- Germany-Italy 10-year yield spread reaches lowest in 3 weeks
- Agreement removes threat of a repeat of 2015 turmoil
Greece’s government bonds advanced, pushing the 10-year yield below 7 percent for the first time since November, after its creditors agreed to release aid and committed to ease the nation’s debt.
The yield on Greek notes maturing in July 2017 also slid to a six-month low. At a meeting of euro-area finance ministers in Brussels Tuesday, the country won the disbursement of 10.3 billion euros ($11.5 billion) of aid. German bonds declined relative to higher-yielding peers as the agreement helped underpin demand for riskier assets.
While details on potential debt forgiveness for Greece were left unresolved, the accord helps the region avoid a repeat of last summer’s drama in which disagreements with creditors almost led to Greece being pushed out of the currency bloc. It also means Greece won’t be weighing on market sentiment as the British referendum on European Union membership and Spain’s election approach next month, and investors prepare for a potential increase in U.S. interest rates.
“It’s positive for the broader periphery as well,” said Orlando Green, a rates strategist at Credit Agricole SA’s corporate and investment-banking unit in London. “The feeling so far has been one of fear more than hope. It’s one problem we don’t have to deal with in the short term.”
Greece’s 10-year bond yields fell six basis points, or 0.06 percentage point, to 7.17 percent as of 4:10 p.m. London time and earlier touched 6.98 percent. The 3 percent security due in February 2026 rose 0.335, or 3.35 euros per 1,000-euro face amount, to 75.73. The yield climbed above 19 percent in July 2015, having reached 44.21 percent in March 2012 at the height of the region’s debt crisis.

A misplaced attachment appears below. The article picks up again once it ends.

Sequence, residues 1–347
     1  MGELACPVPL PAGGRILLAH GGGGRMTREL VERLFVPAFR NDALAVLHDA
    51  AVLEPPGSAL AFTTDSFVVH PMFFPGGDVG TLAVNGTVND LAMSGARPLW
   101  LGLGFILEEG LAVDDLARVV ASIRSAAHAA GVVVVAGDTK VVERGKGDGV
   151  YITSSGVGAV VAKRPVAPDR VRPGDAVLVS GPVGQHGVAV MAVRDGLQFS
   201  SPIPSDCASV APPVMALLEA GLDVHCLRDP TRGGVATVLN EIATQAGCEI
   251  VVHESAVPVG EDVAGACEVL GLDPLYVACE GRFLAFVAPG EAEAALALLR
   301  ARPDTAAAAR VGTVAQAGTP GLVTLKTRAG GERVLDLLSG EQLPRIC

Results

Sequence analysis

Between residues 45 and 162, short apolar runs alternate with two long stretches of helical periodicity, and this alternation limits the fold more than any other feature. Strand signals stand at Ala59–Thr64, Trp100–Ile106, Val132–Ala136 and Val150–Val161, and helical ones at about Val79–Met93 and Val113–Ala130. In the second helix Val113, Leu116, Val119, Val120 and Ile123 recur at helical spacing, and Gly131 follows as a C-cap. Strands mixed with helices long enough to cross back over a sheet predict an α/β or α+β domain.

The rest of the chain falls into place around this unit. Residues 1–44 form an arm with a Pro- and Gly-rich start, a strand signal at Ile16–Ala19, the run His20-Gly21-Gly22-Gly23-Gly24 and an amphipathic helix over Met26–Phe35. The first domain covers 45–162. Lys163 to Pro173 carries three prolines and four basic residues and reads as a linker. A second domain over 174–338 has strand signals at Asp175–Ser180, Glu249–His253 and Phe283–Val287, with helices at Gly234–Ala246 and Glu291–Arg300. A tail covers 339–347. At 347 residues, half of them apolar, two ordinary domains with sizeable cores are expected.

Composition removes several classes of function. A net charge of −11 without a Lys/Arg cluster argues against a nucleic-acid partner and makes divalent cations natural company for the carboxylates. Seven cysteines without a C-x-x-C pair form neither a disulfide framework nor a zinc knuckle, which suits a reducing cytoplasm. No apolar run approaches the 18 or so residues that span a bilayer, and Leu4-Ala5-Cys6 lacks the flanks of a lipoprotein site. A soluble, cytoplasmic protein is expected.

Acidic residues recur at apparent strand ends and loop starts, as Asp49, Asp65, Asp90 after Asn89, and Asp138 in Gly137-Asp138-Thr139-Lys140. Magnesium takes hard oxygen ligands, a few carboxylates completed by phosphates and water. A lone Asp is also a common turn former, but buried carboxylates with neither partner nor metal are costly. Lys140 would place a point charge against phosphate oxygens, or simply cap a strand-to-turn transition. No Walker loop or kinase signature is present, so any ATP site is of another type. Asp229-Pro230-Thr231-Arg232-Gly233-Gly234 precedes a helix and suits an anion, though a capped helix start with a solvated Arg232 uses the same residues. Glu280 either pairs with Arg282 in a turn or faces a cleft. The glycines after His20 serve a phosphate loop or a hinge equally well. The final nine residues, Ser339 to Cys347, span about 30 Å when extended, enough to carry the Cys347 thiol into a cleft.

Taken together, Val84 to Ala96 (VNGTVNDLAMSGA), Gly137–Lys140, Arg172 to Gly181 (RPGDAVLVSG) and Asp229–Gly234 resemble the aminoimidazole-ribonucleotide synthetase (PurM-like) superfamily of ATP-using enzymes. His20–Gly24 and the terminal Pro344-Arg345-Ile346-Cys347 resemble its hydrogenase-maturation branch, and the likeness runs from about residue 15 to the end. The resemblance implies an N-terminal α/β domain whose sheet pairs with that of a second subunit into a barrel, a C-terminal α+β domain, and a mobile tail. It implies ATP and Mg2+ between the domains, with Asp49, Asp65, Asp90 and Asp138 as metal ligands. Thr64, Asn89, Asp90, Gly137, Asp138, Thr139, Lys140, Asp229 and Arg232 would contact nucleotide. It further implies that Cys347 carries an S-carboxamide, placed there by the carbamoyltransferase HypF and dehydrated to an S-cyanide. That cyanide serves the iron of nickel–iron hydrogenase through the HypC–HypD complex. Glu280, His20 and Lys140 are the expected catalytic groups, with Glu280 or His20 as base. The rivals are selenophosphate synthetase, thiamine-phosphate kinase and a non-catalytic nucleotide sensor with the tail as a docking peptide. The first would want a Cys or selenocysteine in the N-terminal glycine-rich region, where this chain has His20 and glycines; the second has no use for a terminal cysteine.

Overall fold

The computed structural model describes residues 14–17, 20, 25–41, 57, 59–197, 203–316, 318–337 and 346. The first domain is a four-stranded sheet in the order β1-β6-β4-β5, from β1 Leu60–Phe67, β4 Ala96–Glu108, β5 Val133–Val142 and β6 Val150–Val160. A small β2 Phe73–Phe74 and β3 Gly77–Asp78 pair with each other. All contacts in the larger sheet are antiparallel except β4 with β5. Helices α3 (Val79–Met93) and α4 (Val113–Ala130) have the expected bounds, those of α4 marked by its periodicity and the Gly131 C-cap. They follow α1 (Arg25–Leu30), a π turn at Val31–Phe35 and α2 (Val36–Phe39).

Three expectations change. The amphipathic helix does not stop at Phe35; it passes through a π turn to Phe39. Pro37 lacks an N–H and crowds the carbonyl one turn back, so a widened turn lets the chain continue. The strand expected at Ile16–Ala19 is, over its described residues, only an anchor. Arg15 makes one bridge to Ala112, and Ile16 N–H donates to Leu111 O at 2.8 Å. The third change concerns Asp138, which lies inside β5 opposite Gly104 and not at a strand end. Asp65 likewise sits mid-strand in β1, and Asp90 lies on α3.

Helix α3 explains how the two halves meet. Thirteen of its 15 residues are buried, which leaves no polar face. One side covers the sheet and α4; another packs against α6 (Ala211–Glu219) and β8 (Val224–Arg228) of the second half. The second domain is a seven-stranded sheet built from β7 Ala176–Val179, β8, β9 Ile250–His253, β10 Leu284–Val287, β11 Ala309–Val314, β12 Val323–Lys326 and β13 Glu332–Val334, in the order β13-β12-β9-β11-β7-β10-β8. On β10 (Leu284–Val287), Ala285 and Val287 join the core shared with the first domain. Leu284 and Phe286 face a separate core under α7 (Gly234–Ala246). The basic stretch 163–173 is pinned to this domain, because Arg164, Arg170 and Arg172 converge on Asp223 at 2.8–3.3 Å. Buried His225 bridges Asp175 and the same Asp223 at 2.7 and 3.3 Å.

The yield on the nation’s notes due in July 2017 dropped 79 basis points to 7.50 percent, and earlier fell to as low as 6.62 percent.
Seven percent was seen as a psychologically important level during Europe’s debt crisis, after 10-year yields above that level forced Greece, Ireland and Portugal to seek sovereign bailouts.
The deal paves the way for Greek banks to access regular financing lines at the European Central Bank as early as next week, allowing them to stop relying on expensive short-term emergency funding that lenders have been using since February 2015. Completion of the bailout review was also a condition for the inclusion of Greek government securities in the ECB’s bond-buying program.
Still, trading in Greek government debt remains limited. The turnover through the central bank’s electronic secondary securities market, or HDAT, totaled 30 million euros this month through May 20, according to data from the Bank of Greece. The volume across all maturities was 41 million euros last month. It peaked at 136 billion euros in September 2004.
Benchmark German 10-year bund yields dropped three basis points to 0.15 percent Wednesday, while those on similar-maturity Italian debt fell seven basis points to 1.36 percent. The yield difference, or spread, narrowed to 119 basis points, the lowest since May 3.
“The situation is far from resolved,” said Ciaran O’Hagan, head of European rates strategy at Societe Generale SA in Paris. “It’s certain that Greece is going to come back looking for more concessions. It remains a very difficult situation because Greece has got very little incentive to play ball with the euro area.”